Charlie stirred, aware of the metallic sound getting nearer. At least he’d lived: perhaps Wilson considered the bargain ended there. He’d only pleaded for that, after all, Charlie conceded; just his life.
Charlie looked away from the window and its neatly divided squares, to the table bare of any personal mementoes and the stiff-backed chair and the pisspot he couldn’t smell any more. This wasn’t life. Or rather it was, the sort of life he’d read about as a sentence and not thought anything about, because when he was free to get up when he liked and go where he liked and do what he liked it wasn’t possible to imagine what imprisonment for life meant. He knew now: Christ, didn’t he know now!
Charlie swung up off the bed, feet against the cold floor, head forward in his hands. Stop it! He had to stop the despair because that was another collapse, like forgetting to count the days or remember what was important in them. Despairing was giving up. And he wouldn’t give up: couldn’t give up. He never had. He was a survivor. Always had been. Always would be. Couldn’t break him. No way.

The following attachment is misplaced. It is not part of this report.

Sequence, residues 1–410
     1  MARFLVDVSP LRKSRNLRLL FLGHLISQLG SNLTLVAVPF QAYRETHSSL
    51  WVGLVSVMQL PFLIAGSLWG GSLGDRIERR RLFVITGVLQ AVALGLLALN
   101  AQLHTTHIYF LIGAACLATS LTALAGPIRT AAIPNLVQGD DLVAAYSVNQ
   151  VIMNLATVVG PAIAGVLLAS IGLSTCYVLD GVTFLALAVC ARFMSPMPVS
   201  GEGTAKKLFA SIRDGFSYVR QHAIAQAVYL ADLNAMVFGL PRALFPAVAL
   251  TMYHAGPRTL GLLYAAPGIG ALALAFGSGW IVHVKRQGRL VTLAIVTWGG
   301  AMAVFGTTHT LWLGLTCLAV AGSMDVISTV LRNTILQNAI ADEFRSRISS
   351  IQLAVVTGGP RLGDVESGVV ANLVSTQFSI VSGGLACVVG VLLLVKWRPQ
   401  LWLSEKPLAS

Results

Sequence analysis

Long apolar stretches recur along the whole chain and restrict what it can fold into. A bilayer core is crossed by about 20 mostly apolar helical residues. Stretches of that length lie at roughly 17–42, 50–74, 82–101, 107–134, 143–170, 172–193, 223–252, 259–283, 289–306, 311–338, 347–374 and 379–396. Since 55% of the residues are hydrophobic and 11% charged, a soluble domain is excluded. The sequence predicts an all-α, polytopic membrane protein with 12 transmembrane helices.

Never been this helpless before, though.
He stood abruptly, angry at the self-pity. Needing actual movement against it, he went to the table and took from the drawer the calender he was allowed. He was careful to sit, before making the inscription, and then circled the day which would give him his current total of imprisonment. Twelve years and nine months and one day to go unless he got parole. If he got parole. Three of the screws – three of the absolute bastards and one of them in charge of the landing – had told him the word was in and that he wasn’t likely to get a hearing for years, even less a remission of sentence. He’d fucked the establishment. Now they were fucking him. Bastards, thought Charlie; real bastards. Always had been.
The sound on the landings had changed now, no longer a meaningless jangle but the slapping against the cell doors after the slop-out bell. Charlie swivelled from the desk and groped for his boots, wincing as he manoeuvred his feet into them. He didn’t try to lace them but left them undone. He buttoned his trousers and secured the belt and finally put on his tunic jacket. He was ready before the key chain rattled against the door.